Tunisians voted in droves in the first election in the region after the dawn of the Arab Spring, spawning contrasting images with neighbouring Libya where a climate of fear and uncertainty has gripped the country following the brutal killing of former leader Muammar Qadhafi.

Soon after first light, Tunisians in large numbers began to form orderly queues outside polling stations, their exuberance to vote in their first genuine elections since 1956 when the country was liberated from French colonial rule, blending with a steely determination to establish a democracy on strong and stable foundations. “If for some reason this chance of establishing democracy is stolen from us, we will be back on the streets,” said, Eyeman Mabruka, a private sector employee, outside a polling station.

Sunday's elections are being held nine months after a popular uprising toppled former dictator Zine al-Abidine Ben Ali.

Tunisians will elect 217 members to an Assembly that will write a new Constitution, install an interim executive, which will stay in office till a fresh round of presidential and parliamentary elections are held.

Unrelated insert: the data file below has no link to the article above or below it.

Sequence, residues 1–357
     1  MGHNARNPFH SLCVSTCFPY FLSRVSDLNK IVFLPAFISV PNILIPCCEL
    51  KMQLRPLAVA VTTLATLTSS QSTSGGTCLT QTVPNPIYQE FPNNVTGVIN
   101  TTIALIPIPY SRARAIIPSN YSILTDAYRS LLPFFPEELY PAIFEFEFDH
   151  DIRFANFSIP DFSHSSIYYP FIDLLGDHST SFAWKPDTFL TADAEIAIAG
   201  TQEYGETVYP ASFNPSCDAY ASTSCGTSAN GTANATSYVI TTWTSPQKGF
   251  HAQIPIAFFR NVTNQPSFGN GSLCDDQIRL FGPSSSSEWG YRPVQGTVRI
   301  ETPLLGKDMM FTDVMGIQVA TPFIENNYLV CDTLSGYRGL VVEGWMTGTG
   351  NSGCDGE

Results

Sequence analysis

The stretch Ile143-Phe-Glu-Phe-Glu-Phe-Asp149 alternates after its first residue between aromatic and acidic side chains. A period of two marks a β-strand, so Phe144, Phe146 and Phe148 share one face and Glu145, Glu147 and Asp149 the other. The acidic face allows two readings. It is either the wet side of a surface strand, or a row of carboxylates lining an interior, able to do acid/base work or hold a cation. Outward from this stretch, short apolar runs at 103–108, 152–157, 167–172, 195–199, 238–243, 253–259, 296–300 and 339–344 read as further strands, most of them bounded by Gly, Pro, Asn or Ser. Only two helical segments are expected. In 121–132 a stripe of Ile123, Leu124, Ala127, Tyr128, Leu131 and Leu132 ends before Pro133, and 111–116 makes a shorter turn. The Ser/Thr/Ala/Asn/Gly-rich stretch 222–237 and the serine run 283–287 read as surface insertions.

As they headed for the polls, many Tunisian voters expressed awareness that their example will resonate powerfully in the region, where peaceful pro-democracy uprisings have been interrupted by a spiral of violence, especially in Libya and Yemen. “We hope that peaceful elections in Tunisia will once again encourage change in the region through non-violence” says Youssef Gaigi, a founder member of TunisiaLive, a popular news website.

As Tunisia's joyous voters emerged from polling stations, many flashing victory signs and pointing to the blue voters ink on their fingertips, they had already joined issue with the main theme of the poll: Can moderation and political Islam co-exist?

Echoing theme

Frontrunner Ennahda party led by moderate Islamist Rached Ghannouchi, echoing the theme prominently espoused since 2002 by Turkey's Justice and Development Party, has stressed that democracy, Islam and secularism can comfortably cohabit. But under Tunisia's complex proportional system, Ennahda is unlikely to emerge as a clear cut winner.

The strongly secular Democratic Modernist Pole (PDM) has rejected the possibility of joining Ennahda in case election results demand the formation of a coalition government.

However, Mr. Ghannouchi is hopeful that his party can work with some of the other contesting parties, which include among others, the secularist Ettakatol, the Congress for the Republic, and the centre-left Progressive Democratic Party (PDP).

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